The city block defined by Alcalá and Sevilla streets and the Carrera de San Jerónimo have always been sociable,
dynamic and bustling spaces in Madrid. A privileged zone of the city whose chronicle narrates one of the most
memorable pages of the construction of Madrid. Therefore, knowing the evolution of this urban space means knowing
the story of the city and its inhabitants.


Between 1867 and 1885, the City Hall implemented a process of redevelopment of the centre of Madrid to adapt it to the new needs of vehicular traffic and to bring some of the streets up to the standards of a European capital.

To resolve the intersection with Príncipe and De la Cruz streets, Plaza de las Cuatro Calles, currently Plaza Canalejas and today the site of Centro Canalejas Madrid, was created.

This operation, undertaken several years after the transformation of the Puerta del Sol, represented an additional step in the process of dignifying the historic centre, which was epitomised by the opening of the Gran Vía in 1910.

  • Alcalá 14
  • Canalejas 1
  • Alcalá 12
  • Alcalá 10
  • Alcalá 8
  • Alcalá 6
  • Alcalá 14


Carriages, trolleys and cars for decades streamed past the façade of this majestic building. Protagonist of the intersection of Alcalá and Sevilla, it got its name, Palacio de La Equitativa, from the important insurance company that commissioned its construction and established its headquarters there.

In January of 1887, work on the palace commenced, a commission awarded to José Grases Riera, a prolific Modernist architect of the day. The building was inaugurated in 1891 and became an architectural landmark in the capital, on the same level as the most important buildings of the era.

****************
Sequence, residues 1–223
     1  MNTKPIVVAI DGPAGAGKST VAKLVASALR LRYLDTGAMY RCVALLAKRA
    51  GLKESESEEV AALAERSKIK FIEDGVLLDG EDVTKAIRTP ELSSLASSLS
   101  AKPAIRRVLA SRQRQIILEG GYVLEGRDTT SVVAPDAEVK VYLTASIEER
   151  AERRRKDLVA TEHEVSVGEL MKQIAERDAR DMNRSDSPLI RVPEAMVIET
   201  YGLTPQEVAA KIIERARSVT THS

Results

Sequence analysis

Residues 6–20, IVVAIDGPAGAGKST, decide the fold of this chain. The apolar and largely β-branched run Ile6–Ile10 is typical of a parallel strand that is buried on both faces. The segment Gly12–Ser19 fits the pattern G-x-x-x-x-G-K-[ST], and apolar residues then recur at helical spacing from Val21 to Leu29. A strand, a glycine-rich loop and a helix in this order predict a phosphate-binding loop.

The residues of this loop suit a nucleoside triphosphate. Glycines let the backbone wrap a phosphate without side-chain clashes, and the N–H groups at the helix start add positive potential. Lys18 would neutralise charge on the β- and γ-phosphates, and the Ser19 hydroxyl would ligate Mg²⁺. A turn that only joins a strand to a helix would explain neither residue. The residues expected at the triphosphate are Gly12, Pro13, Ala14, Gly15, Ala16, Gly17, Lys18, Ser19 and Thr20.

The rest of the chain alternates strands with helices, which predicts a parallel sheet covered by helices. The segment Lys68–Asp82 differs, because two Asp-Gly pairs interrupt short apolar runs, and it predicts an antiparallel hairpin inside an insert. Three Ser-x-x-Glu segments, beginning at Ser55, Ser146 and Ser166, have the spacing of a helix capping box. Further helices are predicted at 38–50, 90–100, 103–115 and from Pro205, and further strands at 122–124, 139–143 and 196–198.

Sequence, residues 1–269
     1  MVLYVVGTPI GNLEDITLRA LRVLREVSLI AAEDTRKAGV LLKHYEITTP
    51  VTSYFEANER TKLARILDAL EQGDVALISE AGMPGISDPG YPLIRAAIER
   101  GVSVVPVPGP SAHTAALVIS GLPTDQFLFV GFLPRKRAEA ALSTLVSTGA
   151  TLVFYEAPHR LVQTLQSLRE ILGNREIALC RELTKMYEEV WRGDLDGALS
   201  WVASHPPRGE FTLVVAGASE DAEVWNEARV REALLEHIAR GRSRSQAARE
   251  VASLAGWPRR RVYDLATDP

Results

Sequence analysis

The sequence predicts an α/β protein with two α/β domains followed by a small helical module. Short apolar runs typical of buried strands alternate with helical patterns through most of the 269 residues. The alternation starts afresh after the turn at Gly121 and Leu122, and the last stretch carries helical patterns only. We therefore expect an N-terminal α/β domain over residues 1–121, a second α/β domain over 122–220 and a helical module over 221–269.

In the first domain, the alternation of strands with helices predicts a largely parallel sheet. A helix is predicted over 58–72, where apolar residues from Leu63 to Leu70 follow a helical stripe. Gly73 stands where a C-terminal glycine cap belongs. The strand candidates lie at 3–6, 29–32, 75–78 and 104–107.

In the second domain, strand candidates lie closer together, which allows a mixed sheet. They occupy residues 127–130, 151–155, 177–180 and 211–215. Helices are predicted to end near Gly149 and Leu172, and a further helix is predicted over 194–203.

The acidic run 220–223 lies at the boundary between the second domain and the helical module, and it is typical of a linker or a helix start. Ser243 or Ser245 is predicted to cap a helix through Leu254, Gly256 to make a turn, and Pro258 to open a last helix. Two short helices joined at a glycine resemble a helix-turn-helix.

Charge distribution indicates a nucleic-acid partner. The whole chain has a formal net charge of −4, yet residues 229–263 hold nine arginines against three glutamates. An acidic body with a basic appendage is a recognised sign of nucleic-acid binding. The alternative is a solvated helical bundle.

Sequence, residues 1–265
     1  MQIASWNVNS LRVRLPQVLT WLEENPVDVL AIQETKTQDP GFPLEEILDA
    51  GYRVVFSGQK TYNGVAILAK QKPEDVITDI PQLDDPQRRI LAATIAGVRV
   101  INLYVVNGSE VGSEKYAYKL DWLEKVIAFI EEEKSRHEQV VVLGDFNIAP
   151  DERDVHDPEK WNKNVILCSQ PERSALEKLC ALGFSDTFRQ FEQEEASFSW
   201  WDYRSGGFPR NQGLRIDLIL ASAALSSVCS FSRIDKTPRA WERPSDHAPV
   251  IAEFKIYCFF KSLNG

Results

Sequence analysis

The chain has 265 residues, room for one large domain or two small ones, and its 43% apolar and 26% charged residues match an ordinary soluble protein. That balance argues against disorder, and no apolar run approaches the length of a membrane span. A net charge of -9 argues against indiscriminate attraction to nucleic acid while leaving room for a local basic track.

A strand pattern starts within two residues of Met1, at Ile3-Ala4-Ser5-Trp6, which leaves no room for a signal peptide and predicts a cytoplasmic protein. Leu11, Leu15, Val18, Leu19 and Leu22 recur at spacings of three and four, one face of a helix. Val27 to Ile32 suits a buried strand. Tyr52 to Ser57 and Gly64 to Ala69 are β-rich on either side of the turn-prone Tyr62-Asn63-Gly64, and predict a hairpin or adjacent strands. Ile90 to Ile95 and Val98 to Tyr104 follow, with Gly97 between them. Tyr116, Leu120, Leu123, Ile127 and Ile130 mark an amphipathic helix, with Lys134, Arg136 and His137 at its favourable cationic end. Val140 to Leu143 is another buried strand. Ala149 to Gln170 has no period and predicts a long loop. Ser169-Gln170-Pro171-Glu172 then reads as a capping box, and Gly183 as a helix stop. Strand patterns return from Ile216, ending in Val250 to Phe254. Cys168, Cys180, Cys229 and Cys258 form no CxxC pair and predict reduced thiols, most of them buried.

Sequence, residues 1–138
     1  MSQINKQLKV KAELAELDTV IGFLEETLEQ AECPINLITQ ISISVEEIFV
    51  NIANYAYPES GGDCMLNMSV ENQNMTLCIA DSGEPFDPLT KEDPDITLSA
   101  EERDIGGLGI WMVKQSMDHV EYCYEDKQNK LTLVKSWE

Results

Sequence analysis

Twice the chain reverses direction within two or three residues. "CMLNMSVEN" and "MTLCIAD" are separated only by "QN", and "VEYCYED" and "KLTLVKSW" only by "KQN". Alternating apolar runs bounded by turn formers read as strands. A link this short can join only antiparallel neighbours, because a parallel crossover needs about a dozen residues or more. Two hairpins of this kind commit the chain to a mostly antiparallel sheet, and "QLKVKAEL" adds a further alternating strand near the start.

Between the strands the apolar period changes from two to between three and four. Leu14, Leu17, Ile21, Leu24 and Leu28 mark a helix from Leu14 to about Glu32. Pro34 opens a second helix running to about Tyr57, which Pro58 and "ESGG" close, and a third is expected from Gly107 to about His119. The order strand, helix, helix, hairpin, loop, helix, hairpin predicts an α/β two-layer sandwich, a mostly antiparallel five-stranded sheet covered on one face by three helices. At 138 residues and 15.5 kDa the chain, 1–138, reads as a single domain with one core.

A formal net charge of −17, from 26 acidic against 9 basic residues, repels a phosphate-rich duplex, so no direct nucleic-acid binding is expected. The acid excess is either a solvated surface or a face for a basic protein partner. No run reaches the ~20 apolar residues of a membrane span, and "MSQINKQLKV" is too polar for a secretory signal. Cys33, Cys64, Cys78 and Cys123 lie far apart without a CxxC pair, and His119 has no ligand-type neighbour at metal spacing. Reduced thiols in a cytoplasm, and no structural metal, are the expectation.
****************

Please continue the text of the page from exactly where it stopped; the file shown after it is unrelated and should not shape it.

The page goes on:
Within its historic walls, the Palacio de la Equitativa has been home to, besides the insurance company, the “El Heraldo” newspaper, whose salon represented the cultural clout of Madrid in that era, the Casino de Madrid, the most important shops, cafés and, starting in 1920, the Banco Español de Crédito, which acquired the building and made some changes to adapt it. These modifications and a second enlargement in 1945 were what tarnished its splendour, particularly that of the interior.

In the mid-1990s, it became the property of Banco Santander, which purchased the building in 1994 and undertook a new overall renovation to modernise the facilities and enlarge the offices to create open spaces where formerly none had existed.

  • Canalejas 1


Presiding over the Plaza de Canalejas stands a stunning building, with a solid but elegant appearance, dating back to 1901, the year the bank commissioning its construction acquires the lot adjacent to La Equitativa. In 1902 construction begins under the direction of the architect Eduardo Adaro, who was well-known for having participated in the Banco de España project.